Mankira is a newly-formed coffee farmer cooperative in the Bonga Forest of Kaffa region. This is, quite literally, where coffee originated as an understory plant with a thin trunk and wispy branches seeking the meager light filtered through the primary shade trees. I visited Mankira early in their first harvest, which involved (I'm not joking) taking off ones pants and walking across a rather fast-moving river. It was the only way to ensure the rest of the 1 hour hike to the Mankira washing station wasn't going to involve being soaked from the waist down (see the first pic below!). This is one of the more remote stations in Kaffa area, and for this year the coffee was carried out by a mule train since the road (if you can call it that) was still impassable. They expect to have a log bridge in by next harvest. The site is pristine, and much of the coffee is grown in the shade of the undisturbed Bonga forest, as it was from time immemorial. The farmer group was highly motivated by the visit, because the average price of coffee in the area has been historically low due to the remote location. With this harvest they were going to realize prices for coffee of at least double the previous year. Coffee in this area is planted between 1500 and 1650 meters on average. Not all of the beans are "pretty" - we found several broken beans as well as some insect damage in a 300 gram sample. I don't know that this plays too large a part in the rustic nature of the cup, and we've seen improvements from last year's coffee to this current lot.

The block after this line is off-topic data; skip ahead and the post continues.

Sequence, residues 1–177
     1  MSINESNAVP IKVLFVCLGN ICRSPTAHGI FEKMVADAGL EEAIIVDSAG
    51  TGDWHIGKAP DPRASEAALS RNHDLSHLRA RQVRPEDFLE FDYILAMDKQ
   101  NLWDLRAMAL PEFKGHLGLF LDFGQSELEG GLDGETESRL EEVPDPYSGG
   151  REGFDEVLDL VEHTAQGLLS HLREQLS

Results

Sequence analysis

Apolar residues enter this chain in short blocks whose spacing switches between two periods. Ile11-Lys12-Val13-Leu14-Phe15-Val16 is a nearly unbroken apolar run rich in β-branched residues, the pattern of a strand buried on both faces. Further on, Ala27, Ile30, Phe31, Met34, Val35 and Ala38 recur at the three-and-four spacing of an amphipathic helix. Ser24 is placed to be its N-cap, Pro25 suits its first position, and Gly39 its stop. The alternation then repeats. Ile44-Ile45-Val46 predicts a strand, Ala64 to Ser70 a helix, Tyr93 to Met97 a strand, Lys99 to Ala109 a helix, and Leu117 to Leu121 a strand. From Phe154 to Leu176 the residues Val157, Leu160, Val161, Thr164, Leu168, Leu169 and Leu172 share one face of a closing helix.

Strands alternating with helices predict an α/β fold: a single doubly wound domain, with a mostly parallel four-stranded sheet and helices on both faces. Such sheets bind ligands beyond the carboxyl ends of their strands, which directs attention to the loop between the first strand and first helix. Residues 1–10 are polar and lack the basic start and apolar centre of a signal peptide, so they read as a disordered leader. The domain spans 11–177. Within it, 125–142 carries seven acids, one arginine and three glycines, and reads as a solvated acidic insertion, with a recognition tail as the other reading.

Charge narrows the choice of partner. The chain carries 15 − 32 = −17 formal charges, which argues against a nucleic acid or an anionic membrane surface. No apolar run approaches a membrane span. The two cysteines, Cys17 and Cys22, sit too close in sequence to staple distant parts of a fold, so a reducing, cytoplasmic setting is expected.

Mankira has a honey cookie and flavor, with a subtle rustic side showing up along the way. It's apparent in the dry grounds with a smell of honey drizzled baklava - that sort of puff pastry, pistachio, baking spices, and honey scent, with just a touch of rosewater. The wetted grounds hold a bit more of a butter and caramel/brown sugar heft, and with dried stone fruit too. At City+ roast level a flavor of caramelized sugars comes through in the hot cup, that bittersweetness that comes with caramelizing sugar in a pan. As this coffee cools, flavors of peach preserves and stone fruit skins come out, expounding on the contrasting sweet and bittersweet flavors. We tried roasting this at three levels - City, City+, and Full City - and our lightest roast did not quite develop Mankira's full sweetness potential. A woody note comes through, especially in lightest roasts, and adds a rustic element to the cup profile. Be that as it may, the cup is still quite impressive, especially considering where it comes from. It's seen quite a journey out of the forest, and finally into our warehouse, and we're excited at the future potential of Mankira coffee.